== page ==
Thousands of US students have had their addresses and other private details leaked online after school district officials failed to meet a hacker’s ransom demand.
The mass doxxing took place in Clark County, Nevada, exposing the names, addresses, grades, social security numbers and some financial information of the victims.
The hacking attack, which also disclosed employees’ personal information, took place during the first week of online classes since returning from summer break.
It took the form of a ransomware attack, in which hackers illegally gain access to an organisation’s computer system and encrypt the files so that they can no longer be accessed without a password. The attackers then demand payment in exchange for the password needed to take back control of the encrypted system.
Nearly three weeks after the attack was first reported, cyber security specialist Brett Callow discovered documents containing the school’s records in an online hacking forum - suggesting the ransom was not met - according to The Wall Street Journal.
The Clark County School District (CCSD) did not immediately respond to a request for comment, but previously said it was working with forensic investigators.
“CCSD is working diligently to determine the full nature and scope of the incident and is cooperating with law enforcement,” a spokesperson said.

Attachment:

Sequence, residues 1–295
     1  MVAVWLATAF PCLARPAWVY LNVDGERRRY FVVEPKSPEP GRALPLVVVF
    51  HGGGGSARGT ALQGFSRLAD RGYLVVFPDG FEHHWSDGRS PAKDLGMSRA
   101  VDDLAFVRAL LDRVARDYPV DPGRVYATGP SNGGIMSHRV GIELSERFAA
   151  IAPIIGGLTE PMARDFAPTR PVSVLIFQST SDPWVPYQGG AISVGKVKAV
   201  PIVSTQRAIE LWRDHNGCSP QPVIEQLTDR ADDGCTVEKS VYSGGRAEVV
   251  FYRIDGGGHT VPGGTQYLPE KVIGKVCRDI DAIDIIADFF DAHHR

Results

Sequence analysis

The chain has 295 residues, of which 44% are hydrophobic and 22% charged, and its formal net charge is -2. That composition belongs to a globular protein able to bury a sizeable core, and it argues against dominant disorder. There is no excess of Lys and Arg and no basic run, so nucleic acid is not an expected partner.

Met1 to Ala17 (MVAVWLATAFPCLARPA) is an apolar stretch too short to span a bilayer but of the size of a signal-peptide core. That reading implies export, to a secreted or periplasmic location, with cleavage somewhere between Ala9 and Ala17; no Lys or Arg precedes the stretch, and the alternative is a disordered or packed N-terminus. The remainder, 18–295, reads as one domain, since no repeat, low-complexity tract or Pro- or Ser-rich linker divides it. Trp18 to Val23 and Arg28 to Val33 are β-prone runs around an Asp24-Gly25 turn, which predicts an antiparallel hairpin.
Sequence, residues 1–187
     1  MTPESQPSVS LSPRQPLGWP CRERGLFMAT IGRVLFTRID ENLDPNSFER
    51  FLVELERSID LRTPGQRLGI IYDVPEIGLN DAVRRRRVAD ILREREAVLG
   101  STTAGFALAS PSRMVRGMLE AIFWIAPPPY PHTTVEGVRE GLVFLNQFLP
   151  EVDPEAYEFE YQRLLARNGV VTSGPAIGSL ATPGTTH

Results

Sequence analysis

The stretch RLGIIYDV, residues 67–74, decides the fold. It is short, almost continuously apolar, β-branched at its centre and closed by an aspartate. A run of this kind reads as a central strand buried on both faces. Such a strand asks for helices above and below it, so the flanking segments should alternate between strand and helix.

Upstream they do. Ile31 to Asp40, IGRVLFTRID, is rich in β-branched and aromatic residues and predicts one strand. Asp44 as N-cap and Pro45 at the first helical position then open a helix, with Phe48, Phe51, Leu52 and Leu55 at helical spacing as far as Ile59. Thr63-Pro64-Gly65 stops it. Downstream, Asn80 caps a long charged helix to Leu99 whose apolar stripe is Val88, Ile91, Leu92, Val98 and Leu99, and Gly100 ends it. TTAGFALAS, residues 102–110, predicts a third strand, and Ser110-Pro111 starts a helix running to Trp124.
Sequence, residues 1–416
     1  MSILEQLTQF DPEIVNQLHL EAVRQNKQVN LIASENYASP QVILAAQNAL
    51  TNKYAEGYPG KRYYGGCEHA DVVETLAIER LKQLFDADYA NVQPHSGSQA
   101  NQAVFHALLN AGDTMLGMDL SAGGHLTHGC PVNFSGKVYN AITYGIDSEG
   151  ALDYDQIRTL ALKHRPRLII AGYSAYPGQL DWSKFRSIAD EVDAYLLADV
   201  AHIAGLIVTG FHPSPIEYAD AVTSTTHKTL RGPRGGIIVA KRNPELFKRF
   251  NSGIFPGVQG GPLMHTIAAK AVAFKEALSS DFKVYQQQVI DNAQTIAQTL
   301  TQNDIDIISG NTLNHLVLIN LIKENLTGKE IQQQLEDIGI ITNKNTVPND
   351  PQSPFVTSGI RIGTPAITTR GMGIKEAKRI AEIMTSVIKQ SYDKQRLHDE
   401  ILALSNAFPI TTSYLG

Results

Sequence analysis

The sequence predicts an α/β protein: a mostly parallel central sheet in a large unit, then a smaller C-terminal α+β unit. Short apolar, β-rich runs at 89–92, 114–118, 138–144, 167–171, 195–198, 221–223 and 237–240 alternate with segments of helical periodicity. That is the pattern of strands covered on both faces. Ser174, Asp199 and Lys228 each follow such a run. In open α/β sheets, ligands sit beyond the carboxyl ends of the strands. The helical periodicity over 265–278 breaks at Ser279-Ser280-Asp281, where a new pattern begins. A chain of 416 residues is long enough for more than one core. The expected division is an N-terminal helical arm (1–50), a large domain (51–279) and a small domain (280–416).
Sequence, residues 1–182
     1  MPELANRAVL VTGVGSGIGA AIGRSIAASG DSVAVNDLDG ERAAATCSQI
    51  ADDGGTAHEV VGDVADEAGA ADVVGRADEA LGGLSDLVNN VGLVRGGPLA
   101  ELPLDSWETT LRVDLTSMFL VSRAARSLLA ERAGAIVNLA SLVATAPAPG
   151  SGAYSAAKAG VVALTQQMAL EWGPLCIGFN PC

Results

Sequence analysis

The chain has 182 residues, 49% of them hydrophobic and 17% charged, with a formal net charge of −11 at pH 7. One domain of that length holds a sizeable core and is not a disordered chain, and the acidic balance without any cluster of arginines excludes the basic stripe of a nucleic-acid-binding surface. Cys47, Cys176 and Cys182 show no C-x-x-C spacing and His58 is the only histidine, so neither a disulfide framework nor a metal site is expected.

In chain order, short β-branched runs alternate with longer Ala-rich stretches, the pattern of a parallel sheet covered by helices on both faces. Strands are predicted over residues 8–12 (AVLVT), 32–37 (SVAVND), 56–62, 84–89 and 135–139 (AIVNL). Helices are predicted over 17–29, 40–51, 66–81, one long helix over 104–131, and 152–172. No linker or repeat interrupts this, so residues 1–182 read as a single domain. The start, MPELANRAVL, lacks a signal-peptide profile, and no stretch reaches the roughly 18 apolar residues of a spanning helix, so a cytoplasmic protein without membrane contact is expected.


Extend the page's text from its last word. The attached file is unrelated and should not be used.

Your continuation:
“As the investigation continues, CCSD will be individually notifying affected individuals. CCSD values openness and transparency and will keep parents, employees, and the public informed as new, verified information becomes available."
Ransomware attacks have become increasingly common in recent years, facilitated by the rise of cryptocurrencies that offer an efficient way to anonymously receive ransoms.
More than 40 per cent of all cyber insurance claims in the first half of 2020 were ransomware-related, according to leading insurance firm Coalition, with claims ranging from $1,000 (£778) to $2m (£1.56m.)
The cost of such attacks is not always just financial, however.
A ransomware attack on Dusseldorf University Clinic earlier this month locked computer systems and forced ambulance drivers to divert to other health facilities.
One woman in a critical condition subsequently died as a result of delays to her treatment. The hackers later withdrew the extortion attempt.